Ed Sheeran triumphant as federal jury unanimously rejects ‘Let’s Get It On’ copyright infringement claim

Lots of reports .. Law & Crime’s is always the most fun to read.

Ed Sheeran’s modern classic pop ballad “Thinking Out Loud” sounds almost nothing like Marvin Gaye’s immortal soul-funk number “Let’s Get It On,” a jury in Manhattan has found, concluding that there are simply not enough similarities to sustain a claim that the newer songwriter copied the older song’s intellectual property.

The case was filed in 2017 in the Southern District of New York by the estate of Ed Townsend, who co-wrote the R&B classic with Gaye in 1973. Sheeran’s song was penned with co-writer Amy Wadge in 2014. Gaye’s heirs were not involved in the lawsuit.

Townsend’s estate, led by his daughter Kathryn Townsend Griffin, claimed that Sheeran’s chart-topping hit willfully infringed on the copyright of “Let’s Get It On” by stealing the song’s harmonic rhythm, chord progression, and other essential elements.

During the eight-day trial, musicologist expert witnesses hotly disputed that the two songs shared a harmonic rhythm.

Dr. Alexander Stewart, testifying for the plaintiffs, said the rhythms were the same. Dr. Lawrence Ferrara, testifying for the defense, said the rhythms were different. In the end, the jury of four women and three men agreed with Ferrara, an esteemed musicologist who has successfully fended off myriad copyright complaints lodged against artists like the Beastie Boys, Led Zeppelin, and Green Day.

While the rhythm was disputed, the basic chord progression of the two songs was not – and really couldn’t be, as chord progressions, on their own, cannot be copyrighted under U.S. law. The succession of chords in a song is akin to the first layer of a foundation, and on top of that comes the melody and the rhythm.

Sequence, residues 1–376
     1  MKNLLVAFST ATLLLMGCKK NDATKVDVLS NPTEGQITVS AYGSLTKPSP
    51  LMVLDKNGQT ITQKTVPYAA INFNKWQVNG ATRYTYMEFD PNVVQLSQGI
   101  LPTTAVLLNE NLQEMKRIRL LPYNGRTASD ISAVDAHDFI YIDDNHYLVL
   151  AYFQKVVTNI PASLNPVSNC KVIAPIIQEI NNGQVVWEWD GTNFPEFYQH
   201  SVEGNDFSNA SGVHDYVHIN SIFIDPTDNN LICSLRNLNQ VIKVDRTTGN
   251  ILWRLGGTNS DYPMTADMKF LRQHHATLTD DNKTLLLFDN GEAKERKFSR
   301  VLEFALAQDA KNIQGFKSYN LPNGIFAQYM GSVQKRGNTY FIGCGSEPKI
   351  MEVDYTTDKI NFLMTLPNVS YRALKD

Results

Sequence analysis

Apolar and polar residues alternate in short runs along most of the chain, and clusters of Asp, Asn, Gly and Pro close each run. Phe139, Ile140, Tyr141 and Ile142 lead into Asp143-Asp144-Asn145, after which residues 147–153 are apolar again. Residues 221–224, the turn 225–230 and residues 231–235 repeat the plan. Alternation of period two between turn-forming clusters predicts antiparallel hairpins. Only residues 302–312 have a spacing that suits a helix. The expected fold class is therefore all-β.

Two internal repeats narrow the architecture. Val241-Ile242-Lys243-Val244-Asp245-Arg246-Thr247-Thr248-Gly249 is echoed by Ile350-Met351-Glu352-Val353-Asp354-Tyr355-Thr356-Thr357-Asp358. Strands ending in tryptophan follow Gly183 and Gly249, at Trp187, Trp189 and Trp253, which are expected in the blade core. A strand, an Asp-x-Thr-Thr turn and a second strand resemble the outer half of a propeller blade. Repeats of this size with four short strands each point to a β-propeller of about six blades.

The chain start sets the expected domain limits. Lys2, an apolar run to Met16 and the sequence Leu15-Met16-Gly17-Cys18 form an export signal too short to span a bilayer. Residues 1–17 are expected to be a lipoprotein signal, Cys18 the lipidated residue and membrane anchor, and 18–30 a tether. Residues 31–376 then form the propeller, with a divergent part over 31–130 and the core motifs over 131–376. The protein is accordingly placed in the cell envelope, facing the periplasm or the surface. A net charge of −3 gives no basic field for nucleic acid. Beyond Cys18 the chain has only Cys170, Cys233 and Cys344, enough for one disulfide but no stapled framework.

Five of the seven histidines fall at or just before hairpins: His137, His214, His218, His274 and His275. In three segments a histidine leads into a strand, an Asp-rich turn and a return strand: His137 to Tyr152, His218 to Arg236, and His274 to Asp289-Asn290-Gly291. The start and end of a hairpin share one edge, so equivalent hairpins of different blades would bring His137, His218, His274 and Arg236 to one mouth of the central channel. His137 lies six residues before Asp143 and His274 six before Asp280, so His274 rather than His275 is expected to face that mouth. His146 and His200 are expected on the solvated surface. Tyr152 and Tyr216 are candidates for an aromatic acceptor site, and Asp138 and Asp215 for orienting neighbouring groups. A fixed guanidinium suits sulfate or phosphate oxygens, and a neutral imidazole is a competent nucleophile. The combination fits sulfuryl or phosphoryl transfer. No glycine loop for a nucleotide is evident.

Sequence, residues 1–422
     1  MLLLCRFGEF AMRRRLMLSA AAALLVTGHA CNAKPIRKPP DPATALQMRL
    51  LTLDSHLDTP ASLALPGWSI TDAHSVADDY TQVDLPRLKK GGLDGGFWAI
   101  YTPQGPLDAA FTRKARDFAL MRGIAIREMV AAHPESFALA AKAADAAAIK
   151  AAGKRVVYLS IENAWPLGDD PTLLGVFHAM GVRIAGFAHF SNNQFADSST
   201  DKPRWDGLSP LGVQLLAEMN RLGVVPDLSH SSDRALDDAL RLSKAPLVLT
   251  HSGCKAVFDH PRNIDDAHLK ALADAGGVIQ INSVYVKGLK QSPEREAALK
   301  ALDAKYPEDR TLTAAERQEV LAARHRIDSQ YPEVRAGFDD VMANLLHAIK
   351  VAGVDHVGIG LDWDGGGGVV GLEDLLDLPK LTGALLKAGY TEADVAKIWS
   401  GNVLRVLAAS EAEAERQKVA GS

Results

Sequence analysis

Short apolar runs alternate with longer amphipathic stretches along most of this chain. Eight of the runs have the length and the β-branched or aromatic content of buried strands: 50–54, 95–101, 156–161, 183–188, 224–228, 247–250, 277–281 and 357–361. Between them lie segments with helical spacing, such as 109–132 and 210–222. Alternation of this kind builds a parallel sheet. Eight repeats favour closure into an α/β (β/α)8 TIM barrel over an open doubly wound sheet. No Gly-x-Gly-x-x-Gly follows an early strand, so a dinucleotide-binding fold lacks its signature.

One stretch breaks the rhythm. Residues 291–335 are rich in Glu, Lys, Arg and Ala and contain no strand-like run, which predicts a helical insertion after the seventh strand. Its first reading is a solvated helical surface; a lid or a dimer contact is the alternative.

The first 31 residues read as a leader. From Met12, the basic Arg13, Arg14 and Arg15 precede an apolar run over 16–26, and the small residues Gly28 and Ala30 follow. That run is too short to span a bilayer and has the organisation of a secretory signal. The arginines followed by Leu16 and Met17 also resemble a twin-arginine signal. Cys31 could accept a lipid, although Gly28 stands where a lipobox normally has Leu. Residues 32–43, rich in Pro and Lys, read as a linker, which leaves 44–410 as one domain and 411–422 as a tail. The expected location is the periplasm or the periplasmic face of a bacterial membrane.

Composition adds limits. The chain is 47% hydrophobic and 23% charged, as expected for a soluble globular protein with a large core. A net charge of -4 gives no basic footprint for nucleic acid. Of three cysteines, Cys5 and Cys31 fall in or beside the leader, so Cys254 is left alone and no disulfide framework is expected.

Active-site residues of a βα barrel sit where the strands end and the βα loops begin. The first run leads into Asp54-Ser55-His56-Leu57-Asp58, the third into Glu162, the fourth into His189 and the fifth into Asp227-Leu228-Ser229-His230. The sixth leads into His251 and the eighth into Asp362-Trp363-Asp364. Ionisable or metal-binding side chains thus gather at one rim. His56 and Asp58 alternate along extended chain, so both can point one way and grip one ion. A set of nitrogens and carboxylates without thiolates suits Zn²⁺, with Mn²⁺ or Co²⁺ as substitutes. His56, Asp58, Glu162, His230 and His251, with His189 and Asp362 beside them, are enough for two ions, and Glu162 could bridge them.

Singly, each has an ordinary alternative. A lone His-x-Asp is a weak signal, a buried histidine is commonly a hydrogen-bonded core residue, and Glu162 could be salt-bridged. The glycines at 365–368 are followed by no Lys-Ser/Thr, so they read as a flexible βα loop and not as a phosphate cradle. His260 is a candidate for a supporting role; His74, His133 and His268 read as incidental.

Sheeran, sitting in the witness box, testified with his hands and vocal cords by playing and singing a few bars from numerous songs that share the same four-chord progression used in “Let’s Get It On” and “Thinking Out Loud.”

From the English artist’s perspective, it was in fact another well-known singer-songwriter, from Northern Ireland, who offered the greatest influence on his songwriting style: Van Morrison.

During the trial, Sheeran played Van Morrison’s “Crazy Love” to show how common chord progressions can be shared. Sheeran also testified that he and his producers came to think of “Thinking Out Loud” as his Van Morrison-style achievement, while maintaining that he and Wadge “independently created” the song, which recounts the prospective lifelong romance of a couple who will be riven by age and the loss of their physical capabilities but will never be lacking in love.

Jurors were not able to hear Gaye’s recorded version of the song because the dispute itself was only about the sheet music. The plaintiffs claimed that Sheeran copied 70% of the song, while Sheeran’s defense insisted he copied zero percent.

At one point, however, a witness for the plaintiffs claimed the notes of the first 24 seconds of each song are identical. While on the stand, Sheeran flatly rejected that accusation and said that the mischaracterization of his music was “criminal.”

The defense cast the fight as a battle for creation and artistic expression itself – with the singer-songwriter even going so far as to say that he would quit making music if the verdict came out against him.


Ed Sheeran triumphant as federal jury unanimously rejects ‘Let’s Get It On’ copyright infringement claim